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How to handle things when friends say your asthma is not real?

DS13 was upset today because some of his friends said that his asthma was not *real,* and he didn't really need medication for it.  I am really frustrated that this type of ignorance still exists! He knows they are wrong, but I know it really hurt his feelings. I know I dealt with this as a child, but I had hoped we had come a long way over the last 30+ years!  

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  • K8sMom2002

    @dory2005,

    I took the liberty of moving this into its own new post so that more eyes would see it!

    Thirteen is such a tough age … kids want to handle things by themselves (especially guys!), but sometimes they don't yet have the experience. Was this at school? Do you think it crossed the line to bullying?

    While these tips are about food allergy bullying, many of them will work for bullying about other health conditions as well.  It's a Kids With Food Allergy Blog called 

    And this kindergarten teacher integrated teaching about food allergies into a regular lesson … .

    Could you approach your son's teacher privately and ask if the teacher could begin to incorporate more reading material (either from current events in newspapers or magazines or books) about asthma and other health conditions? It sounds like these kiddos could benefit from learning about how to understand that health issues can look different from person to person.

    She (or he) need not make a big deal out of it … but exposure to other people's health issues can go a long way to build awareness and tolerance.

  • Marie E Natzke

    No unfortunately there is still a stigma about asthma. My previous employer told me it was an emotional problem.

  • K8sMom2002

    Yikes, Marie! I am so glad you don't work for that employer any more! And it stinks that you had to hear that. 

  • Brenda Silvia-Torma

    @dory2005 That's awful that friends treated your DS that way. Does he know why they said that? Depending upon their reasons, his response to them would change:

    • If it is an ignorance issue, then  to Cynthia's suggestion.
    • If they are really close friends, perhaps the friends are worried about him and the easiest way for them to deal with it is to and pretend that it's not a problem?
    • I remember in my adolescent psychology class taken years ago that teens have believe that they are invincible and that nothing bad can happen to them. If the friends are of that mindset, they may not believe the seriousness of their friend's diagnosis. 
    • They are not real friends who will ever change their opinions?

    It stinks that people are not more aware of chronic health conditions. Everyone is dealing with something!!

    I hope your DS figures out why these friends said what they said…if they are good friends, they'll hopefully change their thinking and become more accepting/willing to learn what they don't yet understand.

    Brenda

  • Wheezy Me

    Dory- yeah, it's hard… but to begin with, who asked for their opinion? What made them say it? Did he explain? At their age, unlike Marie's boss, there's the possibility they just don't know and have to learn…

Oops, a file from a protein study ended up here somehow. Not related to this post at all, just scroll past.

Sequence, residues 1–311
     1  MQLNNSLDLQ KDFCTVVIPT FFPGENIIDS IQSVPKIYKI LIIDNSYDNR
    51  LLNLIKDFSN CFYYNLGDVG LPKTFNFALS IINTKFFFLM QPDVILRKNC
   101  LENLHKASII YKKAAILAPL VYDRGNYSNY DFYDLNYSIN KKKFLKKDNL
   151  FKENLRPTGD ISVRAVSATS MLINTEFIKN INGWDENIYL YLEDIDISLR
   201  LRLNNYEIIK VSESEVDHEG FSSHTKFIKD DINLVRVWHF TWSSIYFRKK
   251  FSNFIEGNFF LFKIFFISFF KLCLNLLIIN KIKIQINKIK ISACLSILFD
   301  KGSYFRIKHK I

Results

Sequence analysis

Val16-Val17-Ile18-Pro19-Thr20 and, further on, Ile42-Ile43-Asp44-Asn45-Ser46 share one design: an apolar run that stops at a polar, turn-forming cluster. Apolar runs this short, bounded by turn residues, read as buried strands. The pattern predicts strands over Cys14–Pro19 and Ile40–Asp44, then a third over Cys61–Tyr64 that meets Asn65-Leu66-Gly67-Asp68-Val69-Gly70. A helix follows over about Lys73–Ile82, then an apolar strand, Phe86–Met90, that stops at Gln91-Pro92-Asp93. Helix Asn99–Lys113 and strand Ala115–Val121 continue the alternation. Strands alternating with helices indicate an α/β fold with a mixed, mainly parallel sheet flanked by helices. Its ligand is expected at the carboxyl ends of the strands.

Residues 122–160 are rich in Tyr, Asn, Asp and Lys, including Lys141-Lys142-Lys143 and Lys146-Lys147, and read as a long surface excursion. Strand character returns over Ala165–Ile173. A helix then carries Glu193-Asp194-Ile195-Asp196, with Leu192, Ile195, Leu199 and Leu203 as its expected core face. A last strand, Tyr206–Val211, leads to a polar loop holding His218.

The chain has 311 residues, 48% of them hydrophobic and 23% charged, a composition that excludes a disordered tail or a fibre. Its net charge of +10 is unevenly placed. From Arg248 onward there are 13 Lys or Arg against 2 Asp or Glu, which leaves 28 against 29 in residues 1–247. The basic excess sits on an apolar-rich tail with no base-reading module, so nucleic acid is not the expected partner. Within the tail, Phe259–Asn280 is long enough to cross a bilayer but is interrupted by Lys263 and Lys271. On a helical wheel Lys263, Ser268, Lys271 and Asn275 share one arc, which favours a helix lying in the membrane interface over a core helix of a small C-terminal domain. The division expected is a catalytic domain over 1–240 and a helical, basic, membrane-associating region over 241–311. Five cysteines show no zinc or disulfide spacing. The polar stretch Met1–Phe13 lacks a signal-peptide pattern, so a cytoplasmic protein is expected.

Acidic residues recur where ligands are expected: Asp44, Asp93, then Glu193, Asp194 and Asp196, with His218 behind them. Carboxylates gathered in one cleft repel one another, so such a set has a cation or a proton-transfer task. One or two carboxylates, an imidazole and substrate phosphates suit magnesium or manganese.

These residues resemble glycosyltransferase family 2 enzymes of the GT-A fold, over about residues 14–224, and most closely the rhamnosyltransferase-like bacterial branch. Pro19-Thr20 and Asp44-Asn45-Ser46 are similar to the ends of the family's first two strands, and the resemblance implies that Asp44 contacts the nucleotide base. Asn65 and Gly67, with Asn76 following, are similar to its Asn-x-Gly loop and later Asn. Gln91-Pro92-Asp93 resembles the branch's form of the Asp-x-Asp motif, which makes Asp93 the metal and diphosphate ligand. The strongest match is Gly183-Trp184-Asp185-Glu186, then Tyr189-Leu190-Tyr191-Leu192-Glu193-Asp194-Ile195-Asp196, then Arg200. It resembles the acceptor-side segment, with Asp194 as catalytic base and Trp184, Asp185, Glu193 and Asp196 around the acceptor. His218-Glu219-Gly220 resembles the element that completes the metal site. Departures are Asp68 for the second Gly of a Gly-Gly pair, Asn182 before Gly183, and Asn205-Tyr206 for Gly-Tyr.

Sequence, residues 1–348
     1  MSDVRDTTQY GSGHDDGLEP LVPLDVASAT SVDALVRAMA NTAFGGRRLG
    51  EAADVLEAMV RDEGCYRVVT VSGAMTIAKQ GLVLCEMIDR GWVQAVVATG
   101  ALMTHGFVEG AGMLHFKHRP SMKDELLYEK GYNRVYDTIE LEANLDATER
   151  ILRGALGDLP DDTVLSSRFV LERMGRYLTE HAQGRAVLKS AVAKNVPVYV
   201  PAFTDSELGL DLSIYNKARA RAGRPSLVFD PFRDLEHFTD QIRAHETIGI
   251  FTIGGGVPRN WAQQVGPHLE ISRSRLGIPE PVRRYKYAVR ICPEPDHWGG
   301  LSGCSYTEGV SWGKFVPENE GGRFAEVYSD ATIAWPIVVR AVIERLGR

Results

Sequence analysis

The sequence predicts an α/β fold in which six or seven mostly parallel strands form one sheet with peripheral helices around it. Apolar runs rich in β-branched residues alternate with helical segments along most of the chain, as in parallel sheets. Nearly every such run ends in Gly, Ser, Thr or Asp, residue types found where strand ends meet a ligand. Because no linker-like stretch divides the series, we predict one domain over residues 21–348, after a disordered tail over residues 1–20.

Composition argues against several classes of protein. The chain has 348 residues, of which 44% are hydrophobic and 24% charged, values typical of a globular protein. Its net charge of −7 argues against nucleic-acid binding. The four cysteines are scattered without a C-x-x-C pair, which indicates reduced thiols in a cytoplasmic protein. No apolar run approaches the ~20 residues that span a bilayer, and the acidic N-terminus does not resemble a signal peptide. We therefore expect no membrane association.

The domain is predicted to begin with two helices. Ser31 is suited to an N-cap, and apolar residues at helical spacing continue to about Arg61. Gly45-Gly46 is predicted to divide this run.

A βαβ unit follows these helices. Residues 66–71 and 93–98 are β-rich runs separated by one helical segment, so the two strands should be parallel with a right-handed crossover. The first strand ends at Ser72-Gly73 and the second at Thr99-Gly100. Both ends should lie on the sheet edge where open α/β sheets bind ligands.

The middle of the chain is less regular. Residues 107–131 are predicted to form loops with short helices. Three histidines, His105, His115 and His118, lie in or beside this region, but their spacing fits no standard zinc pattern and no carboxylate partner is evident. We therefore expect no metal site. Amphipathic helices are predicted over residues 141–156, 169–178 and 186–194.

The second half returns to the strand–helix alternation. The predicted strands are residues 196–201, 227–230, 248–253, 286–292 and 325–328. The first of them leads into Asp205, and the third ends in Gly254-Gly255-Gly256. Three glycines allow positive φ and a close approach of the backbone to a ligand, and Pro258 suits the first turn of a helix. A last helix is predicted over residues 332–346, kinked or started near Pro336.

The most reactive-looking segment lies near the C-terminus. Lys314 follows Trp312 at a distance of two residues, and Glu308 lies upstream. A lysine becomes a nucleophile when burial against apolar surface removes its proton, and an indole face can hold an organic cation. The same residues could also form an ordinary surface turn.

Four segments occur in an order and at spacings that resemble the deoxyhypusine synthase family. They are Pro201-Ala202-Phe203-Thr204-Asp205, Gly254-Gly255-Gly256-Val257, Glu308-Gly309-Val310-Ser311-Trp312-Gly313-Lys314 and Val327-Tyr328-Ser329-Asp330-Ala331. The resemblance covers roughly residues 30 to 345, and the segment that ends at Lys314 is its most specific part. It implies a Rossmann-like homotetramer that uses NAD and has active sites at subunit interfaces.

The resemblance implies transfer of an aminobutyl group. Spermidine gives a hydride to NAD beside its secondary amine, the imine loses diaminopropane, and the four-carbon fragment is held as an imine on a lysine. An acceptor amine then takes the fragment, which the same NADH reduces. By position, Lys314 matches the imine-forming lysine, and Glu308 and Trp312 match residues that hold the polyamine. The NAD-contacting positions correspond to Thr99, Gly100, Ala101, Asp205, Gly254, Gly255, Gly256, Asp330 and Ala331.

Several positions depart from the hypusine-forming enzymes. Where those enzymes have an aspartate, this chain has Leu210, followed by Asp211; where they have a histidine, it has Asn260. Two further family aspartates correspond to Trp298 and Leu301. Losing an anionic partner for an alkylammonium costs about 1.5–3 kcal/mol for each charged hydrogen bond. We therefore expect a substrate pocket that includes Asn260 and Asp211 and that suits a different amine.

And Marie- I know it's easier said than done but we have to ignore such people. We know better. And I'm glad you no longer work for him too.

  • Marie E Natzke

    Wheezy Me, @Dory2005, Shea,K8SMOM2002

     Actually I've heard that a few times. When I was in grammar school a teacher told my Mom I had an emotional problem. I think it was because my eyes would start tearing. I wasn't crying just runny eyes. So my Mom told her her I wish I would have known that sooner, we wouldn't have had to remove our dog from thehome, by order of the Doctor. She didn't know what to say to my Mom after that.

    It's just plain ignorance. Lack of taking the time to find out about the problem. I blame the drug companies as well. Just take this allergy pill and you can go and do and have a pet and no more allergy! 

     

  • dory2005
    K8sMom2002 posted:

    @dory2005,

    I took the liberty of moving this into its own new post so that more eyes would see it!

    Thirteen is such a tough age … kids want to handle things by themselves (especially guys!), but sometimes they don't yet have the experience. Was this at school? Do you think it crossed the line to bullying?

    While these tips are about food allergy bullying, many of them will work for bullying about other health conditions as well.  It's a Kids With Food Allergy Blog called 

    And this kindergarten teacher integrated teaching about food allergies into a regular lesson … .

    Could you approach your son's teacher privately and ask if the teacher could begin to incorporate more reading material (either from current events in newspapers or magazines or books) about asthma and other health conditions? It sounds like these kiddos could benefit from learning about how to understand that health issues can look different from person to person.

    She (or he) need not make a big deal out of it … but exposure to other people's health issues can go a long way to build awareness and tolerance.